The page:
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Hayden vs. English for beginner in Afghanistan? (CC Elise?)


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I'm doing some civilian work in Afghanistan, and along with my tinwhistle thought I should pick up another compact instrument to occupy my downtime. I'm looking into getting a starter concertina from Concertina Connection, and had been going to just get their standard "Jackie" English box. Intent was to do some basic Irish fiddle tunes and Old Time banjo tunes, some vocal accompaniment, and also to do some avant-gardey stuff with vamping melodies over drones, etc. I always liked the work of Peter Bellamy (who I believe used the Anglo), but despite that and also playing the 1-row squeezebox I just never warmed to the Anglo, so was inclined to try English.

 

However, then I noticed that CC now offers a Hayden system concertina (the ''Elise'') for around the same price ($360). The Hayden seems really appealing as "the good idea that never caught on", and I am a sucker for obscure good ideas. However, when I dug up basic info on Hayden concertinas, it seems they're good for accompaniment, kinda of organ-like stuff, but not as quick on melodic work. It doesn't help that the main YouTube clips of Hayden appear to be oompah-band sort of tracks, which isn't so much my thing.

 

I've messed with English (one of those cute Stagi minis) back when I was a teenager, and it seemed a decent setup, with bouncing from side to side to go up the scale. However, Hayden also sounds logical, being able to do bass or chords on the left, and also maybe play a lower counterpoint or even duplicated low octave.

 

I'm not dead-set on being able to do specifically fast fiddle playing with proper ITM ornamentation or anything, and I'm not looking to closely cleave to any particular school of playing. So that does incline me a bit to the Hayden, and also because since I have a strong melodic background (fiddle, lead mandolin, tinwhistle) I'm inclined to challenge myself to focus more on harmony and chordal work).

 

So, should I take a harder look at the Hayden, or just write it off and stick with the more common English system?

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However, when I dug up basic info on Hayden concertinas, it seems they're good for accompaniment, kinda of organ-like stuff, but not as quick on melodic work. It doesn't help that the main YouTube clips of Hayden appear to be oompah-band sort of tracks, which isn't so much my thing.

You can play melodies plenty fast on the Hayden, just not as fast as some of the ridiculously fast stuff a few people can do on an English. You can certainly play reels at contradance tempo, and that's just with your right hand. Then you have your left hand free to provide whatever kind of accompaniment you can manage.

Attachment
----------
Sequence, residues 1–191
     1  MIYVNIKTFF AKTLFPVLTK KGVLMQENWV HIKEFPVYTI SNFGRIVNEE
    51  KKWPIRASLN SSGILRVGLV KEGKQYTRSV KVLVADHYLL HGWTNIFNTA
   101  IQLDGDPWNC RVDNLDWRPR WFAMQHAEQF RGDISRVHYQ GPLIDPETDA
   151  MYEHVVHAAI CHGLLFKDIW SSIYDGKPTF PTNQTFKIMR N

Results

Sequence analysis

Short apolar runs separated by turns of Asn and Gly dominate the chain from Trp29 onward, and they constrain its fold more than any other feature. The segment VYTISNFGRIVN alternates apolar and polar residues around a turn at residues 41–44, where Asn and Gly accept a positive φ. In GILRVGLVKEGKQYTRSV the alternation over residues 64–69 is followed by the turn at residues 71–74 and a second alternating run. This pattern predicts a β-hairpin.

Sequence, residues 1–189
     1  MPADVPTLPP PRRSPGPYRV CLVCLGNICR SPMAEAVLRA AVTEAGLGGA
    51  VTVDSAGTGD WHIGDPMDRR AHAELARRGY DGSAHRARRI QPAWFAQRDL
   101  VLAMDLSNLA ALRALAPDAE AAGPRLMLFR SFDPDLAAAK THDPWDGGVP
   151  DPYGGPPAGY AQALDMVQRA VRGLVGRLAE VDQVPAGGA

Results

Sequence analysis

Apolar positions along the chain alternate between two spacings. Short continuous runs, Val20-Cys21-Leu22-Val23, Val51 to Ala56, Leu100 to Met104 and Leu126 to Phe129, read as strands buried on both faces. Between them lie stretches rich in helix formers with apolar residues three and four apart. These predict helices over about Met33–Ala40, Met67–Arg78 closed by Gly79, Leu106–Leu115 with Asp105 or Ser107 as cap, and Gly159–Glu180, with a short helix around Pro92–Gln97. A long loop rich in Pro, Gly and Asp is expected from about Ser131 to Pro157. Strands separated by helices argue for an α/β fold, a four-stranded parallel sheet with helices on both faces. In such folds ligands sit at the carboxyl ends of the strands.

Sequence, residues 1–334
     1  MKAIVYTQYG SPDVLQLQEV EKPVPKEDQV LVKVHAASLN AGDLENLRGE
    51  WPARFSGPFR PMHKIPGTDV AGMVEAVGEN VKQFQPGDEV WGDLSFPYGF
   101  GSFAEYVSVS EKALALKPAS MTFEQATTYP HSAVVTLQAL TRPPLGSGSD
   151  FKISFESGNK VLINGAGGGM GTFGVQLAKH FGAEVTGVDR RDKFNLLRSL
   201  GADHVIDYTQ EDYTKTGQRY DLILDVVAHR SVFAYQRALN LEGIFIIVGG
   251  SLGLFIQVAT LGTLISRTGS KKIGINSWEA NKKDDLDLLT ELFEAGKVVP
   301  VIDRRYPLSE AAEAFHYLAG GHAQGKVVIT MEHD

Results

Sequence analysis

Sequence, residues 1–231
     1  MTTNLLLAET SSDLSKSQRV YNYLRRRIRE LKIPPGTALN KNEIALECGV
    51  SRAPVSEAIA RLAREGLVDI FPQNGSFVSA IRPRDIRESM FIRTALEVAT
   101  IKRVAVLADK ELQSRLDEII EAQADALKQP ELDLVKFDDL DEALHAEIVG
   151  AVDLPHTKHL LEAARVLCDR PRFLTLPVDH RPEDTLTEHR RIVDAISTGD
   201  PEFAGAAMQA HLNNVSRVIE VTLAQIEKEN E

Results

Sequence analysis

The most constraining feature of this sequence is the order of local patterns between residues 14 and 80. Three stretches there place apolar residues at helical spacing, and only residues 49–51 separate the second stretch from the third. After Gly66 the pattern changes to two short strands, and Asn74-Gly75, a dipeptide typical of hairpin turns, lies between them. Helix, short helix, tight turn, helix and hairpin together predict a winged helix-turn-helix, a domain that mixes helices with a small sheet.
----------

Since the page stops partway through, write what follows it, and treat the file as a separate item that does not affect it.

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I'm doing some civilian work in Afghanistan, and along with my tinwhistle thought I should pick up another compact instrument to occupy my downtime. I'm looking into getting a starter concertina from Concertina Connection, and had been going to just get their standard "Jackie" English box. Intent was to do some basic Irish fiddle tunes and Old Time banjo tunes, some vocal accompaniment, and also to do some avant-gardey stuff with vamping melodies over drones, etc. I always liked the work of Peter Bellamy (who I believe used the Anglo), but despite that and also playing the 1-row squeezebox I just never warmed to the Anglo, so was inclined to try English.

 

However, then I noticed that CC now offers a Hayden system concertina (the ''Elise'') for around the same price ($360). The Hayden seems really appealing as "the good idea that never caught on", and I am a sucker for obscure good ideas. However, when I dug up basic info on Hayden concertinas, it seems they're good for accompaniment, kinda of organ-like stuff, but not as quick on melodic work. It doesn't help that the main YouTube clips of Hayden appear to be oompah-band sort of tracks, which isn't so much my thing.

 

I've messed with English (one of those cute Stagi minis) back when I was a teenager, and it seemed a decent setup, with bouncing from side to side to go up the scale. However, Hayden also sounds logical, being able to do bass or chords on the left, and also maybe play a lower counterpoint or even duplicated low octave.

 

I'm not dead-set on being able to do specifically fast fiddle playing with proper ITM ornamentation or anything, and I'm not looking to closely cleave to any particular school of playing. So that does incline me a bit to the Hayden, and also because since I have a strong melodic background (fiddle, lead mandolin, tinwhistle) I'm inclined to challenge myself to focus more on harmony and chordal work).

 

So, should I take a harder look at the Hayden, or just write it off and stick with the more common English system?

The Hayden Duet is perfect for your situation, musical experience, and interests. You'll be quickly playing melodies on the right hand (tho it's good to practice them on the left as well). And for learning harmony and chords, as well as countermelodies and parallel 3rds and 6ths, there's nothing better than a Hayden's left hand. Within a couple days you'll be playing major and minor chords along with your tunes, then move on the oom-pah bass and chords -- or jsut skip that and play single-note countermelodies on the left hand.

 

It's true that many Hayden players use the box as a small accordian, but you don't have to play in that style if you prefer something else. I've been working on more fluid styles of accompaniment, having played Hayden for 5 years now.